Better Days

 

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Better Days

Peg Ryan
Mile High Pilates and Yoga

Every day is different. Even people living a completely ritualized existence will need to acknowledge this fact.  If nothing else, think about weather.  There may be places on earth where the weather is the same every day, but I doubt it.  Even if you live alone in the woods you are still part of an ecosystem that is in a constant state of flux. None of us is exempt from external influences.  We are all interconnected in this way.  Each of us is just a small part of a larger whole where we frequently find ourselves being impacted by circumstances beyond our control. This can be a blessing or a curse depending on your point of view.

Some of us welcome change.  These folks are constantly seeking something different and may even get bored or restless when things seem to stay the same for too long.  Others (and this is most of us) hate change, resisting even the smallest manifestations.  We like consistency because it gives us a sense of predictability reinforcing our illusion of control.  If we believe we can rely on things as they are, we don’t have to fear the unknown.  This fear is really just anxiety that we won’t be able to handle whatever changes occur in the future.

Despite this sense of anxiety there is not a single person among us who can look back through their lives and not see evidence of an ability to handle change.  We’ve all faced changes at some point in our lives regardless of our age.  In fact, small children change on a daily basis and usually manage to adapt.  As we age, we may become more invested in the status quo.  Yet we can still find even more examples of accepting change.  We may have been dragged kicking and screaming into a different scenario from the one we were used to, but still most of us find a way eventually to see things as they are and adjust.  Sometimes change brings hidden blessings which may not be recognized immediately but might become evident in hindsight.  Looking back can sometimes help us move forward when change is required.

Sometimes change is forced on us for one reason or another.  At other times the status quo itself is causing our suffering and we need to create our own change.  This can be difficult.  Inertia is a powerful force.  Also, just as changes in the world impact our own personal lives, so changes we make to our personal lives can impact the lives of others.  This doesn’t make those changes good or bad, right or wrong.  But it does help to remember that all decisions have consequences, some unexpected and unanticipated.  Being willing to accept and deal with the consequences whatever they are is one of the characteristics of resilience.  This is a quality defined by Webster’s Dictionary as “the ability to recover from or adjust easily to misfortune or change.”  You may have heard the saying “pain is inevitable but suffering is optional.” Resilience is one of the traits that help us deal with the pain without buying into the suffering.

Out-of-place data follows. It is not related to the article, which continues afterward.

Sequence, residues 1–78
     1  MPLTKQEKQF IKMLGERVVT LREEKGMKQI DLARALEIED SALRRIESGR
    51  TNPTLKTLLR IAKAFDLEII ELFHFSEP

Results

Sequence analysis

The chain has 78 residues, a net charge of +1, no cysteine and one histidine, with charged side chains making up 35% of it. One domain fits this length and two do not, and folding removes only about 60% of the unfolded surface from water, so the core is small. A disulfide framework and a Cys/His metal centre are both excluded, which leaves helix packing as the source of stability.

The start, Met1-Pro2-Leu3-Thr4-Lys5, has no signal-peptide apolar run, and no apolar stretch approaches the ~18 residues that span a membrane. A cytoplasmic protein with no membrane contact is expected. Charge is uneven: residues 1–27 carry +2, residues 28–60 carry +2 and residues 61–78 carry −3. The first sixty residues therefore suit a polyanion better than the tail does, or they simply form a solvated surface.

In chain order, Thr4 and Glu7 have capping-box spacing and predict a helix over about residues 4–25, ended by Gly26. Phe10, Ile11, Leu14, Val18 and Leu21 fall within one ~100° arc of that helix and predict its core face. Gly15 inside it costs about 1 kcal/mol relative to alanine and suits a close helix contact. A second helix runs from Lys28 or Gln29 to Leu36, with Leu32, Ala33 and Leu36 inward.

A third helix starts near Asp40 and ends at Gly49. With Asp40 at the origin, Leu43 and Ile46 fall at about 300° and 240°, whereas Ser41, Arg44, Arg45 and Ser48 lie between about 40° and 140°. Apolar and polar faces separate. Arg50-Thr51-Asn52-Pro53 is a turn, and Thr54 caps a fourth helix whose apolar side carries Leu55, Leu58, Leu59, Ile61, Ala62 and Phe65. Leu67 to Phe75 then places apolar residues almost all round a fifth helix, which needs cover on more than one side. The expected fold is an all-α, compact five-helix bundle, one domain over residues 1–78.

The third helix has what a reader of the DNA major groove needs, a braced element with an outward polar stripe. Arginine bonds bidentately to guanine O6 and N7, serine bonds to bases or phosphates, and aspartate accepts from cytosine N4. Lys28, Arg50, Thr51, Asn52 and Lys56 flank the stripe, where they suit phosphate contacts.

So what does all of this have to do with yoga, Pilates or exercise in general, my usual themes?  Basically it’s this – since each day is different and change is all around us all of the time, our practice can be impacted.  One of the many benefits of practice is that it helps us to deal with stress.  Practice can be an anchor in a raging sea of change.  There can be a comfort in the experience of simple breath and movement.  One of the things I often tell students is that if you really focus on connecting breath and movement there is usually no room in your head for anything else.  This can provide a brief respite from the ills of the world.  In fact, practice might help you to remember that in this moment right now there is still a lot that is OK.  We as humans seem to naturally gravitate to noticing what’s wrong more often than what is right. Those of you who take my classes know that at the end of each class I always offer gratitude for being able to move and breathe.  This is something I learned from yoga teacher Seane Corn and I am grateful to her for passing on that tip.  It has served me well.

Another consequence of daily changes is that some days are better than others physically as well as mentally.  As we get older, we tend to focus on the negative aspects of these feelings, but they are not limited to older people.  Everyone has days when they feel like they could conquer the world and other days when staying in bed seems like the only option.  On days like that it helps to remember that practice can be a source of comfort.  If you take classes regular, the group can also be a support.  Just like you feel differently on some days, your practice can be different, too.  If you’re not feeling terribly energetic or if you are bogged down by some difficulty, don’t blow off your practice. Instead allow it to change just as you are changing.  Be gentle.  Take it slow.  Don’t work so hard.  Bend your knees more.  Try using an extra blanket or other prop to make it less stressful.  Or just take Child’s Pose and breathe whenever you feel like it. You can also just completely avoid poses that are painful or difficult.  Or use modifications even if that’s something you rarely do.  There are no expectations you need to live up to. Your practice is for you alone.  There may be a benefit to others due to the effects of your practice on you, but that’s not the point.  The ultimate goal is for you to take care of yourself.  So just for today whatever will help you do that is the right thing to do.  Tomorrow will be different.

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